Vocation has to do with the priesthood of all believers. A priest is someone who performs a sacrifice. We no longer need sacrifices for our sins, since Christ, our great High Priest, offered Himself as our sacrifice once and for all (Hebrews 9:26). But, in light of that sacrifice, God calls us “to present your bodies as a living sacrifice, holy and acceptable to God, which is your spiritual worship” (Romans 12:1).

Loving and serving involves an act of self-denial for the sake of someone else. That is, it involves a sacrifice. Again, Mark 10 says that rulers are to serve as Christ did, giving His life as a ransom. Today’s “Gentiles” not only seek to “lord it over” others, they are obsessed with self-fulfillment and self-assertion. Vocation focuses on self-sacrifice.

The Bible instructs wives to submit to their husbands as the church submits to Christ. At the same time, though, the Bible instructs husbands to love their wives “as Christ loved the church and gave Himself up for her” (Ephesians 5:25). The husband is not to receive the wife’s submission in domination or in “lording it over” her, since that was not how Christ loved the church. Rather, he is to emulate Christ precisely in “giving himself up” for his wife. Thus, both the wife and the husband are called to sacrifice themselves for each other. Both are presenting themselves as living sacrifices.

The father, coming home from work dead tired, has presented his body as a living sacrifice for his family. So has the mother who drives her kids to soccer practice when she has many other things she would rather do. So has the worker who has put in long hours to do the best job possible for the company’s customers.

Christ, who is in vocation and in the neighbor, takes up all of these sacrifices, small or great, into His sacrifice. And He loves and serves His creation by means of our love and service in our vocations.

In all our religious and ethical life,” says Einar Billing in his classic work on vocation, Our Calling, “we are given to an incredible overestimation of the extraordinary at the expense of the ordinary.” We look for miracles, spectacular events , and mountain top experiences. Meanwhile, the spiritual significance of everyday life gets overlooked. Vocation, though, transfigures our ordinary, mundane existence, charging it with spiritual significance and with the very presence of God.

Luther said that changing a baby’s diaper is a holy work. A child doing his chores is outperforming the Carthusian monks in works of holiness. By extension, we can see the office desk, the factory machinery, the computer screen—likewise the voting booth, the marriage bed, the dining room table—as altars upon which we exercise our royal priesthood.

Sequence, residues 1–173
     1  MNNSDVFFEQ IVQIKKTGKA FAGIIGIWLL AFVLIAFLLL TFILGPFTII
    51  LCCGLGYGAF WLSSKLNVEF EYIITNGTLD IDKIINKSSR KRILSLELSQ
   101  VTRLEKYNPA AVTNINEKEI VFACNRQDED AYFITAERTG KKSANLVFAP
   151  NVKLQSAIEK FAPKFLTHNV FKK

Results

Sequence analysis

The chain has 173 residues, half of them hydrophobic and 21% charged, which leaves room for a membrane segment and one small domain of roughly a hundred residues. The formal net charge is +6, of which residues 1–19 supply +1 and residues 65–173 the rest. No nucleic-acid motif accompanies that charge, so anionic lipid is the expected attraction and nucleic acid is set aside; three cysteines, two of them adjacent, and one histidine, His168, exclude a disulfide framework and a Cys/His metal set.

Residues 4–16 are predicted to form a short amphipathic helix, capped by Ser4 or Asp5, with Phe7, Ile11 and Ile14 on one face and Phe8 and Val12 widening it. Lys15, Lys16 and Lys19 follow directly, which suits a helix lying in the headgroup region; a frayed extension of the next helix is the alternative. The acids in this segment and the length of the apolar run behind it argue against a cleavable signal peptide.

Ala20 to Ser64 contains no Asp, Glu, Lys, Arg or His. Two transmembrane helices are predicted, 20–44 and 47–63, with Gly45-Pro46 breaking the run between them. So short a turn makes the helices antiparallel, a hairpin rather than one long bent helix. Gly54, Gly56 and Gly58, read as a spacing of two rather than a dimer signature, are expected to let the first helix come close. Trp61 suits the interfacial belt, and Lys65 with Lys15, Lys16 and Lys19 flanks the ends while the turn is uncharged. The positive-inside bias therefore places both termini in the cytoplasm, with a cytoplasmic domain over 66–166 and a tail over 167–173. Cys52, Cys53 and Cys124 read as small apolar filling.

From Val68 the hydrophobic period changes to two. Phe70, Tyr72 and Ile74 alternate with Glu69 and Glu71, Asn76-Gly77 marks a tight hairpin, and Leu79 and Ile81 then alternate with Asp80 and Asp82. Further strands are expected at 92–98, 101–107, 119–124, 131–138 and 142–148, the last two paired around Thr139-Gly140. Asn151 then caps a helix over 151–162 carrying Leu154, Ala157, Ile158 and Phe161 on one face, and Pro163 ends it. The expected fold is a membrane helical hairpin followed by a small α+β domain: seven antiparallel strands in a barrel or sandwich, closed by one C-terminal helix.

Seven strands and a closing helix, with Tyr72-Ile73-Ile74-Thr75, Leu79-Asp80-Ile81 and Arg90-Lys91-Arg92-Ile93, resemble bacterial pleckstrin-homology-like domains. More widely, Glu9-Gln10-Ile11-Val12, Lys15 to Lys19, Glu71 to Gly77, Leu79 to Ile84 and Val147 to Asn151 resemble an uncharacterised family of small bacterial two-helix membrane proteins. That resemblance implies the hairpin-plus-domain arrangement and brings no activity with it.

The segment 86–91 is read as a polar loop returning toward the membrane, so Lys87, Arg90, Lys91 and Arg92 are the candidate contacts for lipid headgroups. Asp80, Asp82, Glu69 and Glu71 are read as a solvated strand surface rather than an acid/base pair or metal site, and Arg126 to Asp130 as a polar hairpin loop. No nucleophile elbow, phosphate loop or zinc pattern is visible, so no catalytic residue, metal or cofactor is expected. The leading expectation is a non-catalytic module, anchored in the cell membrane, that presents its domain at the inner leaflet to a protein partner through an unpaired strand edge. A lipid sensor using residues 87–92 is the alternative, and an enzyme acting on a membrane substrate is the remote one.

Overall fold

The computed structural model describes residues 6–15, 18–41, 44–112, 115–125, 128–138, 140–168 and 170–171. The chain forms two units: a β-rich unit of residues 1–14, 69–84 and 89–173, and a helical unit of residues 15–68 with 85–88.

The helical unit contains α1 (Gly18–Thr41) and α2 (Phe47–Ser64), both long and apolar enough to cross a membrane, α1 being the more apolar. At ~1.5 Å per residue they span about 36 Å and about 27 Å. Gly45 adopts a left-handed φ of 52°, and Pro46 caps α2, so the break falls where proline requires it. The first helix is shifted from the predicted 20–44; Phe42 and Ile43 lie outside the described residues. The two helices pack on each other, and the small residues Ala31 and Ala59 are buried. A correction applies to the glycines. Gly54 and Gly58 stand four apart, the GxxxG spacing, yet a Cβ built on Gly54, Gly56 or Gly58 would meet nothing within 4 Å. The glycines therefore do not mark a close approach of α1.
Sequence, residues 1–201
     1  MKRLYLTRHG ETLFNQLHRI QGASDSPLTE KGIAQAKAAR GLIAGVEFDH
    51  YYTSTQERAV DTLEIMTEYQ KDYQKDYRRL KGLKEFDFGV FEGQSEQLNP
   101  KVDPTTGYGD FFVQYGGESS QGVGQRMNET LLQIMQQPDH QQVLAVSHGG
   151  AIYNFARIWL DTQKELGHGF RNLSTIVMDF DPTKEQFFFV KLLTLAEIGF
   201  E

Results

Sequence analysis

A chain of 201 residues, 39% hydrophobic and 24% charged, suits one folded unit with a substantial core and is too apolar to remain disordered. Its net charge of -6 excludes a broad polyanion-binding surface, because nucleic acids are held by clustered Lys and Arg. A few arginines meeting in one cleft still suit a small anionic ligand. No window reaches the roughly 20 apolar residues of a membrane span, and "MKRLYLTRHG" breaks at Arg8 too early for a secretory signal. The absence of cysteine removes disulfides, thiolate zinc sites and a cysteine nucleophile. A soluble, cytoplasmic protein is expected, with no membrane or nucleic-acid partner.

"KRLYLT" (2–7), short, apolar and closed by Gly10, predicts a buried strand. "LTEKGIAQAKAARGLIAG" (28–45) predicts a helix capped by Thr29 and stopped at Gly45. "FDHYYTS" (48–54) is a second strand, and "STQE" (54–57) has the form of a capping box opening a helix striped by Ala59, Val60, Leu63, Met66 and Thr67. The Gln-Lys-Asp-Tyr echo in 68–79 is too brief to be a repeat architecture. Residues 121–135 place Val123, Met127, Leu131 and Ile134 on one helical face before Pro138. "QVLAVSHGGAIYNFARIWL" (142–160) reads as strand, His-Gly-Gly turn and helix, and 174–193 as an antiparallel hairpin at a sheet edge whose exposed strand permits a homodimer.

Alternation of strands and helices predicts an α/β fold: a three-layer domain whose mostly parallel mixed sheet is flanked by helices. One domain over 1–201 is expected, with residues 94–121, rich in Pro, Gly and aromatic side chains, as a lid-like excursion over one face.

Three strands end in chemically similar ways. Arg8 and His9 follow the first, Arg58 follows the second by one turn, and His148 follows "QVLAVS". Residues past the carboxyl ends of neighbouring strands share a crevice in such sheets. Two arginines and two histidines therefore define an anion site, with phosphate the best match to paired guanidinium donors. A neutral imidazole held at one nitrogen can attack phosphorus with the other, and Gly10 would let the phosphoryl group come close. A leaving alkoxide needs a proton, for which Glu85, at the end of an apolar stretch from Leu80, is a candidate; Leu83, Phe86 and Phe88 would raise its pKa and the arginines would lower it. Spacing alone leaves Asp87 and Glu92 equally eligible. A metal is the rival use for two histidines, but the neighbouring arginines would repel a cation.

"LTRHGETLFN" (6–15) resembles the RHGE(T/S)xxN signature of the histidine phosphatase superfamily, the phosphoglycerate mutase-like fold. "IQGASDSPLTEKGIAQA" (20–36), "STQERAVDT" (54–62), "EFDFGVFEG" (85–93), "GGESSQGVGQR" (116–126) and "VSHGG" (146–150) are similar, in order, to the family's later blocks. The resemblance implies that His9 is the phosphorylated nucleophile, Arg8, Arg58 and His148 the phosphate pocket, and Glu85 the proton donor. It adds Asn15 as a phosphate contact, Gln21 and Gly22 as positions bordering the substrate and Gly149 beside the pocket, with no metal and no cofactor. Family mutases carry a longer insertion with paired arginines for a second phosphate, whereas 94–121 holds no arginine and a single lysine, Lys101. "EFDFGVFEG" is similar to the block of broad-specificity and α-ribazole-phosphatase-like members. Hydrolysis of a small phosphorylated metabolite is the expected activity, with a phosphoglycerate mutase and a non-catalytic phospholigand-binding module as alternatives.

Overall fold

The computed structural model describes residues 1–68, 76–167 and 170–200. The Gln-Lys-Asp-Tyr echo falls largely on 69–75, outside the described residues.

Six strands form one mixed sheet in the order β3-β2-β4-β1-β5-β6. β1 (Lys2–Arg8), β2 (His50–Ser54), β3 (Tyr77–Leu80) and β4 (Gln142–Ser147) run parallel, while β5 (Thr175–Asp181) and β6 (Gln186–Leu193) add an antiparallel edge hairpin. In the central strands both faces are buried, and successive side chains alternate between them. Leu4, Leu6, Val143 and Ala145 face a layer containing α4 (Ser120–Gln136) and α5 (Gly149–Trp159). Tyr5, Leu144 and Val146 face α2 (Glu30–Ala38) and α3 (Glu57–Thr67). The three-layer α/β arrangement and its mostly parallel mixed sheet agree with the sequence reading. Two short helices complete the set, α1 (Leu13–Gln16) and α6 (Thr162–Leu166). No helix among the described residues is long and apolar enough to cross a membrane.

Vocation is where sanctification happens, as Christians grow spiritually in good works and in their relationships. Vocation is where evangelism happens, as Christians teach their children and interact with nonbelievers. Vocation is where cultural influence happens, as Christians take their places and live out their faith in every niche of society.

Vocation changes the quality of what we do. An artist with a sense of vocation will create not just to express himself or to advance his career but to love and serve—not corrupt or ridicule—his audience. A businessman who sees his customers as the objects of his Christian love will serve them with his very best work.

From the outside, the economy has to do with the division of labor, individuals pursuing their own self-interests, laws of supply and demand, and other impersonal forces. And so it is, as part of God’s created order. From the inside, however, the economy can become transfigured into a vast network of mutual dependence and mutual service, and economic activity can become an expression of love.

Christians can celebrate on Labor Day the joining of our work with God’s work.

Copyright © 2010 WORLD Magazine
August 28, 2010, Vol. 25, No. 17

Vocation Day weekend

This is normally a weekday blog, but to celebrate Vocation Day weekend–which some call Labor Day weekend–we are going to do something a little different.  On Saturday, I am going to put up a long post reflecting my latest study of this important but oft-neglected teaching.  Please read it and contemplate it on Sunday.  Then on Monday I’ll post a series of questions and discussion topics drawing on that article.  Of course, if you are actually fulfilling your vocations by spending time with your family this weekend, that’s even better.  Even then, you might look in from time to time.